The N-terminal region of Vif affected by group 1 mutants has previously been implicated in the interaction with A3G (37, 42, 53-55, 60, 64, 71, 78). In contrast, group 3 mutants affect the HCCH and BC box domains in Vif and were expected to be defective for interaction with the Cul5-E3 ubiquitin ligase complex but to retain the ability to bind A3G. Similarly, group 2 mutants were expected to retain their A3G binding capacities; however, because of their overlap with the HCCH and BC box motifs, group 2 mutants were expected to be defective for Cul5 binding. Finally, group 4 mutants were expected to be defective for A3G binding, since deletion of the PPLP motif in Vif was previously shown to affect A3G binding (11).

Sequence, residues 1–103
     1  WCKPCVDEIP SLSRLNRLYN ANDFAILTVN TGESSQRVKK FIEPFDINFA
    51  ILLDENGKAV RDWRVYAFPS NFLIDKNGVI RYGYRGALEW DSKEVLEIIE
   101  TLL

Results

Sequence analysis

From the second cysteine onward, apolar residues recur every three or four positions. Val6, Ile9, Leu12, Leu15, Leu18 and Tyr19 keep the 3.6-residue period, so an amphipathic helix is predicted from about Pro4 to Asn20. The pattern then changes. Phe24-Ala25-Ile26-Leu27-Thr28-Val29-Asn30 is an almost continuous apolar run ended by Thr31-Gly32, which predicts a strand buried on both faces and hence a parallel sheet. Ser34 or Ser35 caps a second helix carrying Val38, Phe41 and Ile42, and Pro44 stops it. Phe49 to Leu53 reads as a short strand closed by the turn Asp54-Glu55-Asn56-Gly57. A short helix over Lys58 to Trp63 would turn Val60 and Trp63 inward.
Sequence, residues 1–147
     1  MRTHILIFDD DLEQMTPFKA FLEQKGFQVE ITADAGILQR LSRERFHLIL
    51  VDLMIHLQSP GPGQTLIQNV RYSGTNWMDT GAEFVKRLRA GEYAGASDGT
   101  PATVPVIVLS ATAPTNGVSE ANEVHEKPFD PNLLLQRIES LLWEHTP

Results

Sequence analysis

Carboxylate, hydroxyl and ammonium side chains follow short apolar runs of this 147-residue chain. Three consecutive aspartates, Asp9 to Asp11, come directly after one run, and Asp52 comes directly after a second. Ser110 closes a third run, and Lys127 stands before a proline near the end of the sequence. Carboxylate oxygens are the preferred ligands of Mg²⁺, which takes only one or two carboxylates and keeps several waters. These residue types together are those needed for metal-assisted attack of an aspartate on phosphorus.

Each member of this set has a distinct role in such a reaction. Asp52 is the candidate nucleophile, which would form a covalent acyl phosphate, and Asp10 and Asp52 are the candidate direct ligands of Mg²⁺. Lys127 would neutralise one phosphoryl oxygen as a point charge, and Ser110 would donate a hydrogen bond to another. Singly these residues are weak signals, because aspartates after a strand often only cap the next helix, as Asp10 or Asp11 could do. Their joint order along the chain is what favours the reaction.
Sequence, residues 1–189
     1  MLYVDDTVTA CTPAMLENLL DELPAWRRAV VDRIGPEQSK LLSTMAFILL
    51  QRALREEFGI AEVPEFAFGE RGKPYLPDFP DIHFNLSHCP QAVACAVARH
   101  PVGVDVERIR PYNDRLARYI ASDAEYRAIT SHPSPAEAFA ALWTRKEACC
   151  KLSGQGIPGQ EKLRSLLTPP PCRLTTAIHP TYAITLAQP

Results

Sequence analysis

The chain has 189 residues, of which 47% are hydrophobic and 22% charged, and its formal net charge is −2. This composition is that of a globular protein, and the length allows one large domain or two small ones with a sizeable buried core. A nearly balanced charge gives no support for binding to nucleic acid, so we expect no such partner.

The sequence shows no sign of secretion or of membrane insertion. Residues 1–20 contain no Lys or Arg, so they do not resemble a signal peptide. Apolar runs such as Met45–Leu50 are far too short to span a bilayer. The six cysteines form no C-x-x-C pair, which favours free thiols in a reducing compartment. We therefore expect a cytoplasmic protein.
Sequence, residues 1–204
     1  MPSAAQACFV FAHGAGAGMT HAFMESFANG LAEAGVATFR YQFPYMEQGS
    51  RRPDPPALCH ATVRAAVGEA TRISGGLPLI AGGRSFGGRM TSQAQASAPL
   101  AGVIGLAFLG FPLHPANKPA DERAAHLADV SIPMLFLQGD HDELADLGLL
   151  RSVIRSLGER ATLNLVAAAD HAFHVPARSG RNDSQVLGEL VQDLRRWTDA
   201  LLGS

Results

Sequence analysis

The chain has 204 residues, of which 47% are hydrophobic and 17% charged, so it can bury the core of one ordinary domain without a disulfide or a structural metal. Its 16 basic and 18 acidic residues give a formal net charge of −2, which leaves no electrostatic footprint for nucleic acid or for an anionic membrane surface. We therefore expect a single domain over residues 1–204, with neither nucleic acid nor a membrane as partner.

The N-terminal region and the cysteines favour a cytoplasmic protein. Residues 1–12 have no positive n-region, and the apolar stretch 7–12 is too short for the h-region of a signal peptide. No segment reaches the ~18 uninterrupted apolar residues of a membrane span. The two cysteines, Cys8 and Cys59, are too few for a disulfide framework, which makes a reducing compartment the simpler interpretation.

To assess the abilities of the Vif mutants to interact with A3G, we performed coimmunoprecipitation studies, in which we coexpressed epitope-tagged A3G and individual Vif variants. Since Vif wt can induce degradation of A3G, all experiments were done in the presence of dominant negative Cul5-Rbx (13, 75) to minimize signal fluctuations due to A3G degradation. A C-terminally Myc epitope-tagged A3G was used here (23) to minimize the risk of antibody interference with Vif-A3G interaction. 293T cells were cotransfected with pcDNA-A3G-Myc, pCul5-Rbx-HA, and expression vectors carrying codon-optimized vif genes. Cell lysates were prepared 24 h posttransfection, and protein complexes were immunoprecipitated with anti-Myc antibody-conjugated agarose beads. Input A3G and immunoprecipitated A3G were identified by immunoblotting with an A3G-specific antibody (Fig. (Fig.3I3I and II, respectively). Input samples and immunoprecipitates were also probed with a Vif-specific monoclonal antibody (Fig. 3III and IV, respectively). As expected, Vif wt exhibited a strong binding affinity for A3G (Fig.3IV, lanes 3), and group 1 mutants Vif-ΔK and Vif-ΔD did not interact with A3G (Fig.3IV, lanes 4 and 5). Surprisingly, Vif-ΔJ and Vif-ΔH mutants also did not interact with A3G (Fig.3IV, lanes 8 and 9). Consistent with a previous report (11), neither Vif-ΔN nor Vif-M3 interacted with A3G in the pull-down analysis (Fig.3IV, lanes 18 and 19). Only group 3 mutants retained the ability to interact with A3G, although the efficiency of interaction seemed to be reduced compared to Vif wt (Fig. (Fig.3,3, lanes 12 to 14). Interaction of group 3 Vif mutants with A3G was specific, as evidenced by the lack of Vif precipitation in the absence of A3G (Fig.3IV, lanes 15 to 17). Our results confirm that the N-terminal region in Vif contains sequences critical for interaction with A3G. However, our results also indicate that sequences in Vif important for interaction with A3G may extend beyond the region identified in previous studies (42, 50, 53, 54).